Testosterone Replacement Therapy and Fertility
The one symptom that testosterone replacement therapy won’t help with is infertility. As with anything that artificially increases the amount of testosterone your body naturally produces (like steroids) testosterone replacement therapy could actually make problems with sperm production worse.
If possible, it’s best to start testosterone replacement therapy early – and try to collect and freeze some sperm ahead of time. This might not always be possible, but it gives young boys with Klinefelter Syndrome the best chance of having biological children in the future.
If you receive a diagnosis later in life and want children, talk to your doctor about your options. They may suggest you try assisted fertility treatments before going on to testosterone replacement therapy.
Can men with Klinefelter syndrome have biological children?
The vast majority of men with Klinefelter syndrome will find it impossible to conceive naturally. This is often when a diagnosis happens – as up until then the other signs are pretty subtle (as you can see from the list above).
Infertility in men with Klinefelter syndrome is caused by issues in sperm production – which happens for two reasons. Firstly they often have very low testosterone, a hormone essential for making sperm. They also often have underdeveloped testicles – or testicles that never dropped.
This is a perfect storm for fertility issues but there is a bit of hope. If you have a mild case of Klinefelter (the kind known as ‘mosaic’) there’s a chance you may have sperm cells in your testicles, even if you don’t have enough making their way to your semen.
If this is the case, it is theoretically possible for fertility specialists to extract sperm directly from the testicle and use any healthy sperm in assisted fertility treatments like ICSI. There are different surgical techniques called TESA (testicular sperm aspiration), TESE (testicular sperm extraction and micro-TESE (microdissection testicular sperm extraction) that can extract the sperm. It might not always be successful, but it’s thought that this is possible for around 50% of men with Klinefelter Syndrome to at least extract some sperm through this process.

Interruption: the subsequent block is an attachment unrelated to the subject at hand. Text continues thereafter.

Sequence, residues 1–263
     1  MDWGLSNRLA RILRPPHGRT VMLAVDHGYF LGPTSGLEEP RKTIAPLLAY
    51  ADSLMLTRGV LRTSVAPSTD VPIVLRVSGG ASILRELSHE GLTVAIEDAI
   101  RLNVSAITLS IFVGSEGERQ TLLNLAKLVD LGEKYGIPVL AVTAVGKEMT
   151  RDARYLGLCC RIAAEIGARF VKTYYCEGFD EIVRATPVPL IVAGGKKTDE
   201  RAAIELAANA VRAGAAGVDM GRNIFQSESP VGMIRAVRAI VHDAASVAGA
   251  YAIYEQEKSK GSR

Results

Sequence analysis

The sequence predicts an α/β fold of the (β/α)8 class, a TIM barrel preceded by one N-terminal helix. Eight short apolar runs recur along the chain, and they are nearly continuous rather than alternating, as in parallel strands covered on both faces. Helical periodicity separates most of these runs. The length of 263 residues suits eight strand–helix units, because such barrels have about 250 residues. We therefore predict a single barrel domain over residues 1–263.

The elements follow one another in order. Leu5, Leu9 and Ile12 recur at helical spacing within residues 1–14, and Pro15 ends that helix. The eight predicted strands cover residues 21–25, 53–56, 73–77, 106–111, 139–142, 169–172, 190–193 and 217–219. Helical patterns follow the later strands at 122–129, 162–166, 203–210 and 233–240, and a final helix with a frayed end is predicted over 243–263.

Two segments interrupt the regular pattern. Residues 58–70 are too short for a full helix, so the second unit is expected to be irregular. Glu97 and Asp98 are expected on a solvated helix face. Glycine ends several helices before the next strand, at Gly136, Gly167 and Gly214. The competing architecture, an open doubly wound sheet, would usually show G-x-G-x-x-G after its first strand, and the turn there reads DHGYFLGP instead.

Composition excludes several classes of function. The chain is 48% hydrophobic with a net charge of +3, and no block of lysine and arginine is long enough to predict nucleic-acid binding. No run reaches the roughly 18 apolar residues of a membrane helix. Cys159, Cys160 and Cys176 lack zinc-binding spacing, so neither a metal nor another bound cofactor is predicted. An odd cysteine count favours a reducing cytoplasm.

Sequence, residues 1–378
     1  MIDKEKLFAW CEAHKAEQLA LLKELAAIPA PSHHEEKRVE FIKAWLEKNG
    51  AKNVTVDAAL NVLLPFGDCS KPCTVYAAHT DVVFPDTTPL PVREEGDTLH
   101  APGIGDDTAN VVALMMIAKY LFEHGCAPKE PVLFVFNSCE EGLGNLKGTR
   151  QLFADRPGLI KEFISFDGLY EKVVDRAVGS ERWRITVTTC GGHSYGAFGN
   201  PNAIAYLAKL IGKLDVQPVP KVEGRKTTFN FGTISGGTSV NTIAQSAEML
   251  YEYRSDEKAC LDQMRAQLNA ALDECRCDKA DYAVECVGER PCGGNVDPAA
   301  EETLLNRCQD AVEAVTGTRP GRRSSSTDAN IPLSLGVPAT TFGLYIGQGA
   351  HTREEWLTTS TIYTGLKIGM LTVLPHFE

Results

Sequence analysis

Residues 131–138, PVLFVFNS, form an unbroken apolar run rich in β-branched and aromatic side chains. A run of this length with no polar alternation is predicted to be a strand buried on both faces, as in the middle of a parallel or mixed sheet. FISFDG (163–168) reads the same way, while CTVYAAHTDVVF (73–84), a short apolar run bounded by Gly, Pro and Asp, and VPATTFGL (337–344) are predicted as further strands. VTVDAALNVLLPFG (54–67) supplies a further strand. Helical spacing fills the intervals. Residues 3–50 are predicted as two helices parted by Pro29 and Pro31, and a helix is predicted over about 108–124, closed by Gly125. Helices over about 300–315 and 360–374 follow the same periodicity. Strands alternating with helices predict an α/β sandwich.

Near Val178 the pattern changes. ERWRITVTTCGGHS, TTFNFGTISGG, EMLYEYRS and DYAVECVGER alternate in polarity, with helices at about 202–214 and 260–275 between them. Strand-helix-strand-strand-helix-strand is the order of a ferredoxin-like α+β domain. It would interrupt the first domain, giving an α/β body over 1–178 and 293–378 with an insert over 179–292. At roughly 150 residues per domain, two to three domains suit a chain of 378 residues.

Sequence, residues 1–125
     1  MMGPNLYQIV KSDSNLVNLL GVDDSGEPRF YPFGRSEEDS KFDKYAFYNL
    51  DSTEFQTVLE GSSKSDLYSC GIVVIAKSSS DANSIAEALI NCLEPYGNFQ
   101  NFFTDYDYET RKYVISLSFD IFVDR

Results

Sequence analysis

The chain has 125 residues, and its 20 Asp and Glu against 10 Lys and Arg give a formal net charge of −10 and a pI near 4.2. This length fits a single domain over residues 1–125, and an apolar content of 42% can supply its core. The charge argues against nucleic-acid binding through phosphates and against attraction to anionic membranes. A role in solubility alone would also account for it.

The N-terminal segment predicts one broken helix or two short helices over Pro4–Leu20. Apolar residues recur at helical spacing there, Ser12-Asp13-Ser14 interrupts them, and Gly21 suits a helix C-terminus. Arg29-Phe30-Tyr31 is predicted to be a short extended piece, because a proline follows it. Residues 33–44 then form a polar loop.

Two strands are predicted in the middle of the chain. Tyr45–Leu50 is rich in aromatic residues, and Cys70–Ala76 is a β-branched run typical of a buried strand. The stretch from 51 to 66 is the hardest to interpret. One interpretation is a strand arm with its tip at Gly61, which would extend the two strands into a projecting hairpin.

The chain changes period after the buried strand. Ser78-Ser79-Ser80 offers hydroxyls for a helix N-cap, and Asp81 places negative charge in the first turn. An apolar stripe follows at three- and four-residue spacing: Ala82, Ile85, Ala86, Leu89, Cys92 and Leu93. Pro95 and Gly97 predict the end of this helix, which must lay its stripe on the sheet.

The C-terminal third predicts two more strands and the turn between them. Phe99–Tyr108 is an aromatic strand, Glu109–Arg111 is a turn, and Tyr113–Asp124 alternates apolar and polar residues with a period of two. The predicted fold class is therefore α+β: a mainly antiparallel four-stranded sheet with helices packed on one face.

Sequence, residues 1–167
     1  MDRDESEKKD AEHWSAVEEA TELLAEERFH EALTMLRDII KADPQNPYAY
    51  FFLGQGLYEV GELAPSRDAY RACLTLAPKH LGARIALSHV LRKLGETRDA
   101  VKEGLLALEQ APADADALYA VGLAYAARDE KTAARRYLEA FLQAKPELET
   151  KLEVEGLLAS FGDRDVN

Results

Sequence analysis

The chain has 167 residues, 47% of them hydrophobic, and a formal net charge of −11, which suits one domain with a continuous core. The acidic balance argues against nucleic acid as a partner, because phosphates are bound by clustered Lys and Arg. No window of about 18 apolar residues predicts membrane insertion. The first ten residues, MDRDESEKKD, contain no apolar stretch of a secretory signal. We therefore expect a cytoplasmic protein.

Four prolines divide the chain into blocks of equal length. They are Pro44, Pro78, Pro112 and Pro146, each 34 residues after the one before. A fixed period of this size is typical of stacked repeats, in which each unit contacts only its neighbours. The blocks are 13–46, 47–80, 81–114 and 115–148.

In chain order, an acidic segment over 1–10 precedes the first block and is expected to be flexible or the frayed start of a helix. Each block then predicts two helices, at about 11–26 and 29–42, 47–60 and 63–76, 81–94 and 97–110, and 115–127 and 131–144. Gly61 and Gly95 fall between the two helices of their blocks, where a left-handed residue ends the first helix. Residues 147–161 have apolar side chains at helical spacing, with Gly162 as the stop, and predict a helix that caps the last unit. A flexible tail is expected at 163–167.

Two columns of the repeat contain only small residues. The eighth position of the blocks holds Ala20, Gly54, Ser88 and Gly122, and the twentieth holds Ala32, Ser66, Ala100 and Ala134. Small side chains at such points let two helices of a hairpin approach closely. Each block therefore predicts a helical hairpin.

What are my options if this isn’t successful?
It’s important to remember that, whilst it’s understandable to want biological children, there are many ways to build a family. Even if assisted fertility treatments aren’t possible, many men with Klinefelter Syndrome have wonderful families thanks to donor sperm. This can be a difficult concept to get your head around at first but it opens a whole world of possibilities for men struggling with infertility. You could use sperm from a bank or use a private donor – maybe a family or friend – and figure out a process and approach that works for you.
Once again, check out our interview with Gareth Landy and Sean from Knackered Knackers to hear more about the amazing experience of becoming a father through donor sperm.
A Klinefelter Syndrome diagnosis can be overwhelming at first, but there is no reason you can’t lead a happy, healthy life and become a father. For more information on the condition – head over to our friends at Living with XXY for a bunch of helpful resources and stories.